MINNEAPOLIS – Being obese may increase the risk of developing multiple sclerosis (MS) in children and teenage girls, according to new research published in the January 30, 2013, online issue of Neurology®, the medical journal of the American Academy of Neurology.
"Over the last 30 years, childhood obesity has tripled," said study author Annette Langer-Gould, MD, PhD, with the Kaiser Permanente Southern California Department of Research & Evaluation in Pasadena and a member of the American Academy of Neurology. "In our study, the risk of pediatric MS was highest among moderately and extremely obese teenage girls, suggesting that the rate of pediatric MS cases is likely to increase as the childhood obesity epidemic continues."
For the study, researchers identified 75 children and adolescents diagnosed with pediatric MS between the ages of 2 and 18. Body mass index (BMI) from before symptoms appeared was obtained. The children with MS were compared to 913,097 children who did not have MS. All participants were grouped into weight classes of normal weight, overweight, moderate obesity and extreme obesity. A total of 50.6 percent of the children with MS were overweight or obese, compared to 36.6 percent of the children who did not have MS.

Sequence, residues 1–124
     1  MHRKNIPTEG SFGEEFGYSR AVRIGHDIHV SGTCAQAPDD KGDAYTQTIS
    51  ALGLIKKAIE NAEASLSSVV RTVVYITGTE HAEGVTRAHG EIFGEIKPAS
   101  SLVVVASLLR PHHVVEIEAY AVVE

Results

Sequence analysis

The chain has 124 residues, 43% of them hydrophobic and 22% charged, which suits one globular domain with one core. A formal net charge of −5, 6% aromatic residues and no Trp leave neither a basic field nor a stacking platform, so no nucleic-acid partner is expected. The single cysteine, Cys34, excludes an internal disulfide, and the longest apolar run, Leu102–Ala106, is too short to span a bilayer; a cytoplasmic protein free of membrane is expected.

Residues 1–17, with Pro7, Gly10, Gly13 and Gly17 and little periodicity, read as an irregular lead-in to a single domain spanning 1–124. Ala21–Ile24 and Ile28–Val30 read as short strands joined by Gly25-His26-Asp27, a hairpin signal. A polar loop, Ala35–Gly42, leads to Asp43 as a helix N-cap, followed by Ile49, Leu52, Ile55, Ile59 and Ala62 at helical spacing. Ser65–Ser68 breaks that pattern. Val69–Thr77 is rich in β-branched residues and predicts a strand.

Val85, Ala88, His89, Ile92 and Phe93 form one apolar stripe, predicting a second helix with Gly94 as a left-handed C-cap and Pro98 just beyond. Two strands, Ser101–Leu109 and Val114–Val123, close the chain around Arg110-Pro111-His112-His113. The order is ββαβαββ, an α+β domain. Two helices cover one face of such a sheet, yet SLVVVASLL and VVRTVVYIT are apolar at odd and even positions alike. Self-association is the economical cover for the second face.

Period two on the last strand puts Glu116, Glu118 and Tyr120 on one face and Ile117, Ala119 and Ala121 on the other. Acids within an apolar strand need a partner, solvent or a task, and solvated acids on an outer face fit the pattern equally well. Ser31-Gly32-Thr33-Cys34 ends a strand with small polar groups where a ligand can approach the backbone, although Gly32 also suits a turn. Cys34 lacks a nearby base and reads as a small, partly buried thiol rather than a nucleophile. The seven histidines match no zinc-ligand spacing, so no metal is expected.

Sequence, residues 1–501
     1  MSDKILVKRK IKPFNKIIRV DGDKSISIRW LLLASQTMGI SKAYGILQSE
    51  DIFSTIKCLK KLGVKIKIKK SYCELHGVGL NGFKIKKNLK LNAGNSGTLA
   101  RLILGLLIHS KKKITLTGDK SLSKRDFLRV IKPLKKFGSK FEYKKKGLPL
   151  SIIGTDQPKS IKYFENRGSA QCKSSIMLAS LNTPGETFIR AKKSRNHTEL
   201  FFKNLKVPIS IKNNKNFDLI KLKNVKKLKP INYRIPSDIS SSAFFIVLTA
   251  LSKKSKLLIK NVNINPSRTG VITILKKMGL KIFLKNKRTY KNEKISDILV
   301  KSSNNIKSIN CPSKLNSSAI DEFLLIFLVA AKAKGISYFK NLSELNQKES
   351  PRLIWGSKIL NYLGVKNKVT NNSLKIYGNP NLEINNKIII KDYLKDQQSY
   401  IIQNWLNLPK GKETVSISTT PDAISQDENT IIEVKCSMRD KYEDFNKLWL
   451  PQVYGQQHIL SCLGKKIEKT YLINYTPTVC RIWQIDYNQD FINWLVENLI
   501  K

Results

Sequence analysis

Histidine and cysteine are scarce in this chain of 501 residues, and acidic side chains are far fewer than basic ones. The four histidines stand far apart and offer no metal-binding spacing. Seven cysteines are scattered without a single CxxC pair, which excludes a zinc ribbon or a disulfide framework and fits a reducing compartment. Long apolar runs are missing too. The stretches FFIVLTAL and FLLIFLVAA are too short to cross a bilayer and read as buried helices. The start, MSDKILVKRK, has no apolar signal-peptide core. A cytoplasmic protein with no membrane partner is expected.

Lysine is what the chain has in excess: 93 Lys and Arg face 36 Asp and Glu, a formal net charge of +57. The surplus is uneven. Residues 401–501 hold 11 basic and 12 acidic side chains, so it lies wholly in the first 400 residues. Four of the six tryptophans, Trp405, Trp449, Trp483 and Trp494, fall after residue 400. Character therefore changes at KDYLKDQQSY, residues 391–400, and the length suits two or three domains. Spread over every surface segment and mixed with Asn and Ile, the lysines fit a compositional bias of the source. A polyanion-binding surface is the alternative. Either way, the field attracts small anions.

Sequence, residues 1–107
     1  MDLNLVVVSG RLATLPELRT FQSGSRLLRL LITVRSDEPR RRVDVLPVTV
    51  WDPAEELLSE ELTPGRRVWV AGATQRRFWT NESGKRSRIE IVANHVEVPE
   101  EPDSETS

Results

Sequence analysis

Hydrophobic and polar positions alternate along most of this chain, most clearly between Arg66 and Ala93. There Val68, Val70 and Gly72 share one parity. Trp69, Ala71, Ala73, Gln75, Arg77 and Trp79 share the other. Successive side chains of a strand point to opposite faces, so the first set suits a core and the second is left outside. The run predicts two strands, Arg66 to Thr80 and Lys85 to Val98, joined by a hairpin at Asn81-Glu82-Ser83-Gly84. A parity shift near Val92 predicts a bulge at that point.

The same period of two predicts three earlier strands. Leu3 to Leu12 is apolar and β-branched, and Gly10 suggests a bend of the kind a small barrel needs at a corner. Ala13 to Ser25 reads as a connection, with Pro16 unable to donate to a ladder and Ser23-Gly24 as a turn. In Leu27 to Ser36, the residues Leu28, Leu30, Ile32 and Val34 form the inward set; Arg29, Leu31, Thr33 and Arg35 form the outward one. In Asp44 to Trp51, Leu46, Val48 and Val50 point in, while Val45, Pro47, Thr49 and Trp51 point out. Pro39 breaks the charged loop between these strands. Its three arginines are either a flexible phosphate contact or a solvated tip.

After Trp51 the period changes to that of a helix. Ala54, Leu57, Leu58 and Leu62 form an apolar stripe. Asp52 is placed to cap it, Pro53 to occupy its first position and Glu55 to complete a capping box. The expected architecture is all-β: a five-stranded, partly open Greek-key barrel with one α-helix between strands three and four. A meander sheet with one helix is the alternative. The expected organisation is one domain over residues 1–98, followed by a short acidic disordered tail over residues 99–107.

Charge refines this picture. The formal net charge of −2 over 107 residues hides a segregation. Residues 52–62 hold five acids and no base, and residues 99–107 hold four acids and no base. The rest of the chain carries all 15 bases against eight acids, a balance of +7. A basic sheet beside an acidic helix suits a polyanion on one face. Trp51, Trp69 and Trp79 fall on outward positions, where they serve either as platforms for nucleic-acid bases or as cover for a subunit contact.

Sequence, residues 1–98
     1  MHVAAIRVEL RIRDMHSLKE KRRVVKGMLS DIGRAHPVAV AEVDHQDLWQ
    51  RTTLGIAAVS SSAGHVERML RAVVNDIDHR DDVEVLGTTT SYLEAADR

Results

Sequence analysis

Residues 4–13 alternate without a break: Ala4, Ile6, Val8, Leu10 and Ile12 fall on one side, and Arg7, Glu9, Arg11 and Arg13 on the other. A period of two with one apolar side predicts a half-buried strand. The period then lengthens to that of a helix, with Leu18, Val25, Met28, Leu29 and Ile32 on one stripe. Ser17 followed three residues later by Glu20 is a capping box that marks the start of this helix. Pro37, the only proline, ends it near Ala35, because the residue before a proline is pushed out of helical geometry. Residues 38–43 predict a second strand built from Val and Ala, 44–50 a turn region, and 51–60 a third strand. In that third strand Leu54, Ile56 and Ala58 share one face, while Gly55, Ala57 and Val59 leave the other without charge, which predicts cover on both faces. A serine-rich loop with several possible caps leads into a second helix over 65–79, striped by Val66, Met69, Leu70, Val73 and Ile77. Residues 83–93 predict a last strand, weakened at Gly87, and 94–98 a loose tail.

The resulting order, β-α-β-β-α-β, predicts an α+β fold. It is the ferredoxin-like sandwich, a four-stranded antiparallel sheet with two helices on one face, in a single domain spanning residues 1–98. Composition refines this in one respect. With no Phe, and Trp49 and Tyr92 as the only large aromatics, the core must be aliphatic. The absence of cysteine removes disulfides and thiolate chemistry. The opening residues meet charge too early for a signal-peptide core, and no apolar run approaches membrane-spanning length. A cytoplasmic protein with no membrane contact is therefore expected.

The study found that the risk of developing MS was more than one and a half times higher for overweight girls than girls who were not overweight, nearly 1.8 times higher in moderately obese girls compared to girls of normal weight and nearly four times higher in extremely obese girls. The same association was not found in boys.
"Even though pediatric MS remains rare, our study suggests that parents or caregivers of obese teenagers should pay attention to symptoms such as tingling and numbness or limb weakness, and bring them to a doctor's attention," said Langer-Gould.
The study was supported by the National Institute of Diabetes and Digestive and Kidney Disorders, and Kaiser Permanente Direct Community Benefit Funds.
To learn more about multiple sclerosis, visit http://www.aan.com/patients.
The American Academy of Neurology, an association of more than 25,000 neurologists and neuroscience professionals, is dedicated to promoting the highest quality patient-centered neurologic care. A neurologist is a doctor with specialized training in diagnosing, treating and managing disorders of the brain and nervous system such as Alzheimer's disease, stroke, migraine, multiple sclerosis, brain injury, Parkinson's disease and epilepsy.
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Angela Babb, APR
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